A jumble of stories about an area lost to time
By Annemarie Brissenden
Before there was Ed Mirvish and his free turkey giveaways, there was Merle Foster and her annual Christmas trees; parties the sculptor would throw in St. John’s Ward for children who would have little other pleasure during the holiday season.
Foster’s story is just one of many delightful snippets to be discovered in The Ward: The Life and Loss of Toronto’s First Immigrant Neighbourhood. Edited by John Lorinc, Michael McClelland, Ellen Scheinberg, and Tatum Taylor, it’s a ragtag collection of essays, photographs, and narrative memorabilia about the area bounded by University Avenue, and College, Queen, and Yonge streets. Now known for Nathan Phillips Square, City Hall, high rises of office towers and condominiums, for many years the rectangular swath of city blocks was part slum, part artist colony, and part way-station for the thousands of people who lived and worked there. Toronto’s first Chinatown sprang up there, the first synagogue was built there, and the first novel of Toronto — Morley Callaghan’s Strange Fugitive — was set there. It was where Black men and women escaping slavery prospered alongside refugees of Europe’s pogroms. For many, it was simply home.
The book does not attempt to be an exhaustive history of the Ward, but is — rather like the area it memorializes — a patchwork quilt of stories that aims to echo its jumble. Chronology is eschewed in favour of randomness, and each random patch has its own tone. One entry traces William Lyon Mackenzie King’s summer investigating the sweatshops of the Ward for The Mail and Empire, while another examines city directories for clues on one street’s evolution. There are reminiscences of the V-J Day celebrations in Chinatown, a story about a Sai Woo condiment dish — “a genuine Ward artifact” — and tales of bootleggers, sex-workers, and strikes at Eaton’s.
This purposeful randomness is not without some frustrations, however. Readers grapple with abrupt changes in tone, and can be startled from a dry historical tract into a rollicking tale about “my grandmother the bootlegger” with the flip of a page. It’s also not clear how or why each entry was chosen, or what, if anything, wasn’t included. A brief biography of each contributor is included at the back of the book (placing them alongside each entry might have made more sense), but there’s no discussion of why each writer was chosen. It almost feels as though everything were thrown together accidentally, or haphazardly. A little more formality would not have been amiss.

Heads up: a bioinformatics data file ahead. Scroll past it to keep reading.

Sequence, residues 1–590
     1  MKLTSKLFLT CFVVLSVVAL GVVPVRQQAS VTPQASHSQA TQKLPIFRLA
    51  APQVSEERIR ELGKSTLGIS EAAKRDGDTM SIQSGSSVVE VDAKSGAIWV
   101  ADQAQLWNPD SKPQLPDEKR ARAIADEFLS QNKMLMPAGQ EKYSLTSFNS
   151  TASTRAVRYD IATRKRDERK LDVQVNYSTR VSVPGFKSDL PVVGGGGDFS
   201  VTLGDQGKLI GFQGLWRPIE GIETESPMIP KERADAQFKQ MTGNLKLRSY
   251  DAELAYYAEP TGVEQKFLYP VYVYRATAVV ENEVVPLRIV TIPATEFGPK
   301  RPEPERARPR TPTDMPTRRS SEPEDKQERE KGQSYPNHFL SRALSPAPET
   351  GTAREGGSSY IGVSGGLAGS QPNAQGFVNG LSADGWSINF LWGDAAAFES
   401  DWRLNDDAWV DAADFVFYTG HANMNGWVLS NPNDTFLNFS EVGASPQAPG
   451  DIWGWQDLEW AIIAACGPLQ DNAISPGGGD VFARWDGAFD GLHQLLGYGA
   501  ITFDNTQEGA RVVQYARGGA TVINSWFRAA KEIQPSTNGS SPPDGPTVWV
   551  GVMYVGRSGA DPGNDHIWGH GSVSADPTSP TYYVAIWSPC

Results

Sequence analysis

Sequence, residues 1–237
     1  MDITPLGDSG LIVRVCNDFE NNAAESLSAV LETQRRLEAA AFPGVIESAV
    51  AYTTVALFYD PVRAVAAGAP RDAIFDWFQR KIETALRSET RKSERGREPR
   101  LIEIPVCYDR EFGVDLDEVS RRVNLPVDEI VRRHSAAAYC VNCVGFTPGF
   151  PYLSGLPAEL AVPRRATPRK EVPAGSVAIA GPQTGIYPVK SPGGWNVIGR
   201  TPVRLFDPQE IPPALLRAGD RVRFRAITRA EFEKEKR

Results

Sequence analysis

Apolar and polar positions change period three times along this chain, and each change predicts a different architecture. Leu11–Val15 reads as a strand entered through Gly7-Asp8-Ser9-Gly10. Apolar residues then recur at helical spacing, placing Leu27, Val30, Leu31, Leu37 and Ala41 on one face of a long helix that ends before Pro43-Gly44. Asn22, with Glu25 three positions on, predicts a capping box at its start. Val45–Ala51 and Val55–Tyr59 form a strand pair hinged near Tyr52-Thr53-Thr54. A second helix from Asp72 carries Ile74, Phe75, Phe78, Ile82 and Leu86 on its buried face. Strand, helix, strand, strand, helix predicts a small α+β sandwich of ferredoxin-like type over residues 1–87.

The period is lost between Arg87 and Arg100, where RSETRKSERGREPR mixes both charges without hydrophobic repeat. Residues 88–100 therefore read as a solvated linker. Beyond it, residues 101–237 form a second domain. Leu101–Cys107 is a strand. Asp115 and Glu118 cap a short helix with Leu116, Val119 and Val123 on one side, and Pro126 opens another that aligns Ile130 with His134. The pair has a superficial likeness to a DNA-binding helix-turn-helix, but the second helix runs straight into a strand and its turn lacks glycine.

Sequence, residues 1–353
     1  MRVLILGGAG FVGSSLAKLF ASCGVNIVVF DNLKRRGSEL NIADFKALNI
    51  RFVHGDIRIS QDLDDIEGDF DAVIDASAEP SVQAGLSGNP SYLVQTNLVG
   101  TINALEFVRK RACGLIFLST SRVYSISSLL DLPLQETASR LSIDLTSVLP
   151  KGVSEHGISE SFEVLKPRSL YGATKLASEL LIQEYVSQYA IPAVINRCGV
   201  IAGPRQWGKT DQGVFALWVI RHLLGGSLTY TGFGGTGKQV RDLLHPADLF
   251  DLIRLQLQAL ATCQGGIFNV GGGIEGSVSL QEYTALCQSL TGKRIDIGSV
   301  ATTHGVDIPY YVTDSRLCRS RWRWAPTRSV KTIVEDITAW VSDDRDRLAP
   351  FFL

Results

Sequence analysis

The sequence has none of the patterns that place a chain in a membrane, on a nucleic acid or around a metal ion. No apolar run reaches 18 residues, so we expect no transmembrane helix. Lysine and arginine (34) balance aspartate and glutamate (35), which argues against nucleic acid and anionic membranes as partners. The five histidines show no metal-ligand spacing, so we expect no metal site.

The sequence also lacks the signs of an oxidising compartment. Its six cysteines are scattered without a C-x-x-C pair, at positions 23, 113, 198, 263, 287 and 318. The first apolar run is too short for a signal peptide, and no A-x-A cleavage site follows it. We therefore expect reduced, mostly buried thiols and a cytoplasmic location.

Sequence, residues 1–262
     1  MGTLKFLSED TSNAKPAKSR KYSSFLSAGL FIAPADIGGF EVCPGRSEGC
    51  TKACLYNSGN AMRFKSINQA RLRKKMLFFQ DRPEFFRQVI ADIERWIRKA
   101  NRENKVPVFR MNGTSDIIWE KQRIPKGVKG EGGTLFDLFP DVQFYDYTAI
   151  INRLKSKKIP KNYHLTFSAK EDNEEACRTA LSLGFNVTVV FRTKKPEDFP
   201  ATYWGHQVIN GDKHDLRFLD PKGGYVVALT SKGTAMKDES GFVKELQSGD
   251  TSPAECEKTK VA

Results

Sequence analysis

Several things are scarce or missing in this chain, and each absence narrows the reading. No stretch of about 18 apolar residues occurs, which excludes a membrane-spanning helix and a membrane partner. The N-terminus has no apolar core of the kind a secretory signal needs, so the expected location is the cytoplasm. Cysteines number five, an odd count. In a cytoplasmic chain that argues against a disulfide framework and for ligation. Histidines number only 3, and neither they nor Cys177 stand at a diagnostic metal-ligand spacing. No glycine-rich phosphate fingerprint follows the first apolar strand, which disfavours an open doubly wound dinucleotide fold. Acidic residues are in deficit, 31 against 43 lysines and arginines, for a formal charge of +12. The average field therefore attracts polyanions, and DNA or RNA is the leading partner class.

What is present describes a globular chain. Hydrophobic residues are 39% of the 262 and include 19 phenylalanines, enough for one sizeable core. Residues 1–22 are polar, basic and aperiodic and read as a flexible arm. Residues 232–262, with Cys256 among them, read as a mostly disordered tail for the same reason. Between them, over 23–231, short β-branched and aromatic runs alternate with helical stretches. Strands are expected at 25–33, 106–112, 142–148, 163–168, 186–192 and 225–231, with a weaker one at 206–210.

Neither would some exploration of the themes that provide a common thread between entries, particularly the notion that no matter how much we evolve as a city, we can’t seem to shake certain obsessions.
Consider that Charles Hastings, Toronto’s medical officer of health in 1911, “vehemently opposed the development of modern apartment buildings as a solution to downtown housing needs, claiming they’d degenerate into tenements”. Or that from about 1870 — when the “pace of urbanization in Toronto had become the subject of public interest” — the “city’s newspapers began to publish annual reports about building activity in each ward”.
Or that as early as 1896, King was proposing to improve living conditions in the Ward through improved transit, cycling, and mixed social-class housing. While writing about tuberculosis, Cathy Crowe notes, “As a street nurse, I was always drawn to Goss’s photos because they mirrored what I had witnessed in the flophouses, shelters and streets of contemporary Toronto”.
And a 1918 report released by the Bureau of Municipal Research, a non-profit advocacy group, recommended that “public schools should be open for community use after school hours”, and “any new housing developments should include adequate municipal services and employment opportunities for residents”.
Did you know?
- Several blocks of Toronto’s first Chinatown were razed to make way for Nathan Phillips Square
- The Hospital for Sick Children sits on land that in 1947 was a trailer park for people who couldn’t find alternate housing
- The Ward’s bootleggers were often older women who relied on the trade to survive; one of the Ward’s most notorious bootleggers, Bessie Starkman, was assassinated by an Al Capone henchman in 1930
- Before the formation of the Group of Seven, Lawren Harris did many paintings of the Ward; his first known painting of the area was titled In the Ward and exhibited in 1912
- America’s sweetheart, Mary Pickford, was from the Ward, and grew up in a brick home on University Avenue north of Gerrard Street
- The colourful houses on Gerrard Street, home to many artists and writers, inspired the creation of Mirvish Village
It seems ironic that the real story of the Ward, then, in a book that attempts to resurrect the memory of the area, is left out. The challenges faced by the Ward are as present as they ever were, and remain unresolved today. Our city has become one great ward, and as contradictory as the Ward itself once was. Let’s hope, though, that our future will not be limited to a random collection of essays in a book.